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Scenarios Various routes diverging from the current course


Use scenarios to refine your view of the future until it is robust enough to prepare you to deal for range of outcomes that might develop and formulate your strategy.

It is an iterative approach. You update the scenarios periodically always asking: How will you fit in? What core skills must be improved?

Develop four views of the future and ask smart folks from inside and outside your organization to assess the view's impact in today's real world.

You want to understand early. First, you spot the demand (the signal) and then you understand the drivers, the events in the real world that will drive you into that business: technology advances, supply of resources, demographic trends.

This prepares your leaders to adapt and is also a superb way to overcome perception problems and bureaucratic resistance.

To skip ahead, go to the Meetings Chapter
on scenarios.


Why four? What is best practice?

Four scenarios - status quo minus, status quo, revolution, anarchyThe scenario approach is very flexible. It can also be use to exam sensitivity/risk, what ifs, competitors' responses, etc., any time you want to simulate outcomes and build leaders skills.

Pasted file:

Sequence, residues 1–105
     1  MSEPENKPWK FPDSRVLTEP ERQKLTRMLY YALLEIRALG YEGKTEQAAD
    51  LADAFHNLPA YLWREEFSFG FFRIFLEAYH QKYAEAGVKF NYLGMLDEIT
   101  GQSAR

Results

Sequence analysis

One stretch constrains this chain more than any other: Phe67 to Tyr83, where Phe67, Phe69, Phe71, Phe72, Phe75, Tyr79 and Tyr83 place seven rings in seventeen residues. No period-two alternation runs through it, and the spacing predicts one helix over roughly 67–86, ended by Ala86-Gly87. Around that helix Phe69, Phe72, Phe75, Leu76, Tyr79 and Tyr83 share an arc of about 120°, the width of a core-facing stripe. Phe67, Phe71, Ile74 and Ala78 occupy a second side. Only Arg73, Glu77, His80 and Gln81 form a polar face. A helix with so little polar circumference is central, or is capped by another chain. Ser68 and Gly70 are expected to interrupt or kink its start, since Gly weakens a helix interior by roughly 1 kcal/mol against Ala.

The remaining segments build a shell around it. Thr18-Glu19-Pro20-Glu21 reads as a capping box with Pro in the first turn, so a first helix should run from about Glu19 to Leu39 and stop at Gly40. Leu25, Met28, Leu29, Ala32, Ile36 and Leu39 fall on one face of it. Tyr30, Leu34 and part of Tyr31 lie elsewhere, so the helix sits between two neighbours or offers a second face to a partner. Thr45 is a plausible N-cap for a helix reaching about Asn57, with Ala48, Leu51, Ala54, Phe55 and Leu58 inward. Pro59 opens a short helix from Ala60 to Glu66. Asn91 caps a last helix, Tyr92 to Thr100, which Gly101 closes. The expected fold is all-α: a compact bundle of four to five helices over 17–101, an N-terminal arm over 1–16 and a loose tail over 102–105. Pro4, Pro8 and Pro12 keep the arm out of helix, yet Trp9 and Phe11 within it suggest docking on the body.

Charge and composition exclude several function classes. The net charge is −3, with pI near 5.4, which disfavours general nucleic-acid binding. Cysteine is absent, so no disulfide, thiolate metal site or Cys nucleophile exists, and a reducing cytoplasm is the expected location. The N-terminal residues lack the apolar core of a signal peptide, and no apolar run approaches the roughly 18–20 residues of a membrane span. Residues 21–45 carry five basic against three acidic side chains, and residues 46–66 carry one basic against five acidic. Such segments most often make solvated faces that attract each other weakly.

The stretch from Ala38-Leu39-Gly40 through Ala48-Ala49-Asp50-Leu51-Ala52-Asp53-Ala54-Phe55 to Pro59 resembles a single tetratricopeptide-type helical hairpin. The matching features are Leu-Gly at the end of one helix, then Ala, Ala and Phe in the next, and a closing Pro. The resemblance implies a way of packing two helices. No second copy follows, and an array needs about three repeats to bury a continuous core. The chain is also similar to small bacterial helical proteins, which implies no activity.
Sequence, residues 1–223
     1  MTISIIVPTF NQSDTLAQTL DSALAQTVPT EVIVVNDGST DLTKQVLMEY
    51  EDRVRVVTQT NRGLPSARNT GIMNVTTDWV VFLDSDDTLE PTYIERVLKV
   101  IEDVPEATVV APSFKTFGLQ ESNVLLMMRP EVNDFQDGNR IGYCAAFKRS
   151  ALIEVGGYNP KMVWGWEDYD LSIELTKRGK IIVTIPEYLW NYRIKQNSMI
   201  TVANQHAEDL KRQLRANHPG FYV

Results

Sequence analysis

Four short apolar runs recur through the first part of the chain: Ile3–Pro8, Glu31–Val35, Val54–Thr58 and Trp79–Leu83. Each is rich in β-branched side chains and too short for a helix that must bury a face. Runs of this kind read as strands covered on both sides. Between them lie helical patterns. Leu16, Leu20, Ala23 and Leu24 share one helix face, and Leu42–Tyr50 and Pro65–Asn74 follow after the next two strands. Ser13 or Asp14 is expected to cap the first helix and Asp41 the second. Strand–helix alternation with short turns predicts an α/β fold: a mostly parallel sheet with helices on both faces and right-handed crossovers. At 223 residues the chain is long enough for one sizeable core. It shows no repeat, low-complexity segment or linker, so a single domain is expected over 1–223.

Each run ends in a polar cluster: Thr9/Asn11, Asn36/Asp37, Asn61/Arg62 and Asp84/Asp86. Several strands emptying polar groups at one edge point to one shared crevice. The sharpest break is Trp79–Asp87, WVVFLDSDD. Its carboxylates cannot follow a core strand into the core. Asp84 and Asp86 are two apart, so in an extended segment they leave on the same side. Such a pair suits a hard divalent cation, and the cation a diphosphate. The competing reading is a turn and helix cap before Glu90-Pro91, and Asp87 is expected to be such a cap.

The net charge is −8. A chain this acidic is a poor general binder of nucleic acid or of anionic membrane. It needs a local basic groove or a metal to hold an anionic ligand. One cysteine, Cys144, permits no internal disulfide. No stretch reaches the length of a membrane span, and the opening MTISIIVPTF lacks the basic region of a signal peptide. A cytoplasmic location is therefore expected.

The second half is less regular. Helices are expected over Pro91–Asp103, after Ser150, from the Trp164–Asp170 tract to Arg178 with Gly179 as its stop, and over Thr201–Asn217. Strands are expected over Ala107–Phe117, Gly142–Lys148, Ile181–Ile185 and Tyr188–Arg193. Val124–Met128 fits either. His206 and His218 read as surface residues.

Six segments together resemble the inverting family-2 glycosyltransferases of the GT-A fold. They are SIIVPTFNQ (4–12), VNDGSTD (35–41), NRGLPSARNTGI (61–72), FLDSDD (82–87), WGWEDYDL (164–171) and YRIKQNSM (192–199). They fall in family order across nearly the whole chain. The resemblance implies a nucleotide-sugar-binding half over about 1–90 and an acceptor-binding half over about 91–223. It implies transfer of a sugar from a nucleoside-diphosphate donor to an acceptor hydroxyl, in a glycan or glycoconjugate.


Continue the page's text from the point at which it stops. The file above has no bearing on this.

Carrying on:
When using the scenario approach for formulate strategy, preparing four scenarios is best practice.

Why four scenarios?

Extensive work by Royal Dutch Shell planners in the 1970s and 1980s concluded four scenarios increases the chances of innovation when you begin scenario planning:

  • One scenario is just a forecast.
  • Two are a decision between two options, do the math.
  • Three scenarios compare best and worst case to the middle road. So far, you are not getting people outside their comfort zone.
  • Four scenarios do that - it gets you to think away from your baseline.

The art is to identify the four you want to consider. In my experience, more than four scenarios starts to dilute the focus.

You start with four, abandon a non-starter as you learn more, and then add another scenario.



Scenario steps1. Start with a focused question - take an educated guess.

Have two or three folks prepare overviews with some rough numbers. Interview other key players to confirm the scenarios seem reasonable.


2. Use graphics — like consumer needs/demands, business needs/demands, delivery structure or the macro-environment — to present the scenarios to the folks who will participate.

3. Off-site, if possible, have the teams discuss the detail and hone the discussion to identify the likelihood of major change, the signals, and the drivers that will force you to change your business. This should be a very well run facilitated meeting, so the participants can think.

Have a framework in place to capture the results and present to those leaders who have not been through the exercise, but will go through it.

4. Repeat the process with at least two team exercises before any major decision will be taken. In the interim, two or three folks study to validate the drivers and estimate the timing when you must act.




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I learned Scenario Planning from the Rand Corp.
Read more on their current thinking on Scenarios

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